Sunday, January 11, 2009

Sermon: 1 Epiphany

“When we touch our baptism, we touch our past, but also our present and our future. Whenever and however our baptism took place and however much or little regard has been paid to it since, it is a sign in our flesh of the enduring love of God.” (Daniel Stevick)

On this day when we celebrate the baptism of Jesus, we also remember our own baptism (even if it is what our parents said or simply a date) as we look forward to Luke’s baptism this morning, we think about the baptisms that have taken place here for 202 years, for indeed we touch our past, present and future in baptism and God is in the midst of it all.

Luke is also touching the past for he is wearing his great grandfather’s baptismal gown, Bob wore it 80 years ago and he is wearing his godmother’s cross (and godfather's too) she wore at her christening. Both connect him with the past as he in the present will receive baptism in our font and live that baptism out in his future.

The Past, Present & Future are all wrapped together in baptism. When we think of the past…

We remember that Jesus was baptized like we were. As we imagine the scene with John the Baptist standing near the river, wearing camel’s hair, people are flocking to him, to confess their sins. Several Jewish groups of that time observed some type of ritual baptism, and yet John knows that what he does, his proclamations, his baptisms, are just a beginning, they anticipate the one who is to come, the messiah. His baptism by water for repentance will become the baptism by the Spirit. John prepares the way of the Lord much like his ancestors did from Abraham and Sarah to Moses and Miriam to David and Jeremiah to John the Baptist.

It all comes to fruition when Jesus of Nazareth comes and all that John had anticipated happens; Jesus is baptized. And it is Jesus who sees the heavens opened and the Spirit of God descending like a dove upon him and a voice that proclaims, “You are my son, the Beloved; with you I am well pleased.” (Mark 1:11) It is God’s Spirit who descends that day, anoints Jesus for the mission and ministry that would encompass his life for the rest of his time on earth. And then there is no time to relish in the moment, for then that same Spirit sends Jesus away from his baptism to go and do.

In our own day (present), baptism is our ritual of initiation into God’s community the Church. As our rite says, “In it we are buried with Christ in his death. By it we share in his resurrection. Through it we are reborn by the Holy Spirit.” Today, Luke Michael Rosati will be baptized into the household of God. I suspect there will be many more around the world who will be baptized on this day, and God will hear their names presented and it is God who will act by sending the Holy Spirit.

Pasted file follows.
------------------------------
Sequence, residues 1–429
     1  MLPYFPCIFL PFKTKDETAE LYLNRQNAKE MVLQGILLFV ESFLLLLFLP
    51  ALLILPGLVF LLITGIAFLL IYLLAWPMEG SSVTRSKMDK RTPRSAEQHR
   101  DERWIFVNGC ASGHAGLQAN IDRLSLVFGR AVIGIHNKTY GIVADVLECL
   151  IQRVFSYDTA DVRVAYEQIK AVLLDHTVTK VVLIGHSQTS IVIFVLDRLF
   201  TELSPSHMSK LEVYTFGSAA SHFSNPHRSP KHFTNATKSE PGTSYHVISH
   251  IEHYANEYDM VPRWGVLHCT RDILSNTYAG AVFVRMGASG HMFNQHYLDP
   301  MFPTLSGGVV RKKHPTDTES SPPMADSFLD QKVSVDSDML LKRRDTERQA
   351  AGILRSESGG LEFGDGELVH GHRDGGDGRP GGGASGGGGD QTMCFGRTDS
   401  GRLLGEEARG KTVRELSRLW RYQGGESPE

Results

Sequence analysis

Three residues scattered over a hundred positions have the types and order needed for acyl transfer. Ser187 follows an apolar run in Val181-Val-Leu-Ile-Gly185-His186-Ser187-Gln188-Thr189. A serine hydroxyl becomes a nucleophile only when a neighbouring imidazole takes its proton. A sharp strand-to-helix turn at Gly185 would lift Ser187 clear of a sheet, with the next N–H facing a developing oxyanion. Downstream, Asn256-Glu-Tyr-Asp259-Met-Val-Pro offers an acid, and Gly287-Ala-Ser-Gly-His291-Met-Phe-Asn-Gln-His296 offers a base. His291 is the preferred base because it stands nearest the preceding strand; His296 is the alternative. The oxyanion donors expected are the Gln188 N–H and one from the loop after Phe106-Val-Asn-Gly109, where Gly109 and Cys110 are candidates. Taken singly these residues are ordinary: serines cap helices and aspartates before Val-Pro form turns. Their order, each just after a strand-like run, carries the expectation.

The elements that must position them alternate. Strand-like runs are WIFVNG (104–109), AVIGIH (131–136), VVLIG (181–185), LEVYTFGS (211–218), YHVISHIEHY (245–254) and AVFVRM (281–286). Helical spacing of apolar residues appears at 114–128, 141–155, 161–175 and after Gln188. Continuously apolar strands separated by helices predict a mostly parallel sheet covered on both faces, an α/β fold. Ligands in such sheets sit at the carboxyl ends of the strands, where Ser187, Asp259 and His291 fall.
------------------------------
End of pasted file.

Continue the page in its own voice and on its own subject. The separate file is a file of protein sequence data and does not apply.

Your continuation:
His baptism reminds me that as I looked at the website for oversees chaplains, I saw a wonderful picture of a chaplain in water among the reeds baptizing one of our soldiers in Iraq. This scene from a couple of years ago reminds us that baptism happens in a sacred spot that generations have come to worship in, and happens in the desert in a small body of water in the midst of war. And no matter where that baptism takes place, it is that baptism that propels us into the future.

For the Spirit of God is also sent to rests on us, reminding us that nothing will ever separate us from the love of God. And what we do out of that love, out of being baptized into the household of God is to “confess the faith of Christ crucified and proclaim his resurrection.” Or in the words of St. Francis, we are called to “Preach the Gospel at all times and when necessary use words.”

For it is that Spirit that calls us to live out our baptismal lives in this world, where so many people are in need one way or another; helping feed the hungry, soothe the suffering, giving love and hope to those who have neither…

In time Luke will do just that, but for now, it is all of us gathered here, his family, friends and this praying and caring community witnessing to the great love of God by what we do in this world. Or as Mother Teresa put it, “It is not how much we do, but how much love we put in the doing. It is not how much we give, but how much love we put in the giving.” Amen.

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